Jim Gaylord in Tacoma, Wash. (Peter Haley/The News Tribune via AP)

A lot has happened in the 42 years since Jim Gaylord was fired from his job as a teacher at a Tacoma, Wash., high school for being gay.

The AIDS crisis raged. The country saw the aftermath of Matthew Shepherd’s murder and the rise of the It Gets Better Project. The Supreme Court struck down key parts of the Defense of Marriage Act and decriminalized gay sex with its ruling in Lawrence v. Texas. Gaylord’s home state of Washington moved to legally recognize same-sex marriages. The president even fist-bumped a cashier who told a gay sex joke in a Texas barbecue joint.

But not much changed in Gaylord’s life. He’s lived in the same house for the past 49 years and worked the same job as a county librarian until he retired.

Then he found out that the Tacoma School District — the same one that fired him and testified that his sexuality made him unfit to teach — would be issuing a public apology for its actions.

In 1972, a student tried to commit suicide after talking to Gaylord about being attracted to other boys. Gaylord never confirmed his sexual orientation, but the student presumed Gaylord was gay, and when the student was questioned by police, he told them he had spoken to Gaylord.

John Beer, then the vice principal of Woodrow Wilson High School, drove to Gaylord’s house and asked if he was gay. Gaylord told him yes. He later received a letter telling him he was fired. It said that being a “publicly known homosexual” was “incompatible” with being a teacher. Gaylord challenged the decision, first before the school board and eventually in a trial before the Washington State Supreme Court.

“I don’t believe a homosexual meets the standards, the professional standards, the community standards, that we would expect of a classroom teacher,” Beer testified. Gaylord lost his case after being painted as a sex criminal despite the fact the only evidence introduced to support that claim was Gaylord’s own admission he was gay.

Current school district officials decided to issue a formal apology after they were approached by the executive director of a local LGBT youth organization. “I offer a sincere apology to Mr. Jim Gaylord. Jim, thank you for continuing to teach us,” Kurt Miller, the Tacoma School Board president, said Sunday at a fundraiser for Oasis.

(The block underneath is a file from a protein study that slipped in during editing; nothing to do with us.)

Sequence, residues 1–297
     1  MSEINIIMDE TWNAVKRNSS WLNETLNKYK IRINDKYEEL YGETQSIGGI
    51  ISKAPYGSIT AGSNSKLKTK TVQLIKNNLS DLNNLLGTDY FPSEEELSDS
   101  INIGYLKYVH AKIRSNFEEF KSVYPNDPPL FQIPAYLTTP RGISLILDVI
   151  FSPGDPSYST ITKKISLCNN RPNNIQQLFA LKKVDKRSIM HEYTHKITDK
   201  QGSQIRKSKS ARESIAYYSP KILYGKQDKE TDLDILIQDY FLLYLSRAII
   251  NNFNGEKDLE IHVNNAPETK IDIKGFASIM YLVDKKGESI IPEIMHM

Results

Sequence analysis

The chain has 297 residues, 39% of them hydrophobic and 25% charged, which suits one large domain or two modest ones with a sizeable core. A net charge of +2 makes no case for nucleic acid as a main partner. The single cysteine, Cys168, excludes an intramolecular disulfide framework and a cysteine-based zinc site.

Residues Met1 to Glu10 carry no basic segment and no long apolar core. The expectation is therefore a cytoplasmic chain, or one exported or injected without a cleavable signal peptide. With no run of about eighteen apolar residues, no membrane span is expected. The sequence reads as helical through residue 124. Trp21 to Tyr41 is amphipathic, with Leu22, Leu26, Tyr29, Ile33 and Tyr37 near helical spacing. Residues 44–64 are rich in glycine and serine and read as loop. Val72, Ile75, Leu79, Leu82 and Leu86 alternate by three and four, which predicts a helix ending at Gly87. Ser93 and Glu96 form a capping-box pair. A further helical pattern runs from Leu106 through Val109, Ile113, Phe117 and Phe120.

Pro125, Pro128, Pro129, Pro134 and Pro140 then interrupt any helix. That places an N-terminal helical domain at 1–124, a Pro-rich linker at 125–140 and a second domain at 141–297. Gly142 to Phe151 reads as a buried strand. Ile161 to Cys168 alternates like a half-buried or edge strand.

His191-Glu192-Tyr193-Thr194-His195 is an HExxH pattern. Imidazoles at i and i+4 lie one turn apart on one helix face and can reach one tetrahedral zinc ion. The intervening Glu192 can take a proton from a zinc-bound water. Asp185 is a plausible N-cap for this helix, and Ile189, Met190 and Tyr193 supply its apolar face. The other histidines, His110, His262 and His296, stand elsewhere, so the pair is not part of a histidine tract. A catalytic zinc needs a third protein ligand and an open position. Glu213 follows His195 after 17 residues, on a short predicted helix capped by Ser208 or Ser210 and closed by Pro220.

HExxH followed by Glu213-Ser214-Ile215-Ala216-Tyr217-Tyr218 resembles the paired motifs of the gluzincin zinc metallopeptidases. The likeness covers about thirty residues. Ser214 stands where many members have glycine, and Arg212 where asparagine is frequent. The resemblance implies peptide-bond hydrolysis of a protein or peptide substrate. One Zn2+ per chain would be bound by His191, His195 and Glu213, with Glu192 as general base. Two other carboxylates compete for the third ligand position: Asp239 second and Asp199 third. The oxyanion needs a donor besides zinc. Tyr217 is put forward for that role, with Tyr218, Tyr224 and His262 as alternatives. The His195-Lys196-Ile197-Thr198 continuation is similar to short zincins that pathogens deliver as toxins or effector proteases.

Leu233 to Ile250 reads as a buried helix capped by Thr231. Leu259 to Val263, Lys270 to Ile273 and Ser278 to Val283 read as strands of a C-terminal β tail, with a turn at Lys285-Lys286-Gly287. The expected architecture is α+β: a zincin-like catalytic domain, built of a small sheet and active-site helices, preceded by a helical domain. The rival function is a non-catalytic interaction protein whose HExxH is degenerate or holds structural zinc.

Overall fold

Gaylord, 76, became a librarian after he lost in state supreme court and the U.S. Supreme Court declined to hear his case. He decided to fight because he didn’t want to be a hypocrite. “I was rather forced into it, but I had to do it because I had always emphasized to my students the importance of civil liberties and pursuing them and I could hardly not do what I had always told them they should do,” Gaylord told KIRO TV.

The Tacoma school board recently added sexual orientation as one of the protected classes of its non-discrimination policy.

“Well, I tell you I never gave a great deal of thought to getting an apology, so this comes as a very pleasant surprise,” Gaylord said in an interview with the Advocate. “We cannot make up for the mistakes of an unfortunate past, but we can at least acknowledge them and let those affected know that regret doesn’t end when the old guard moves on.”

While 21 states have laws that would protect Gaylord if the same thing happened today, there are 29 more where workplace discrimination on the basis of sexual orientation is legal. The purpose of ENDA, the proposed Employment Non-Discrimination Act, is to outlaw discrimination on the basis of sexual orientation or gender identity nationally. But after the Supreme Court’s Hobby Lobby decision, gay groups began withdrawing support for the bill, which passed the Senate last November, citing the need to significantly rewrite the bill’s religious exemption.

h/t The Advocate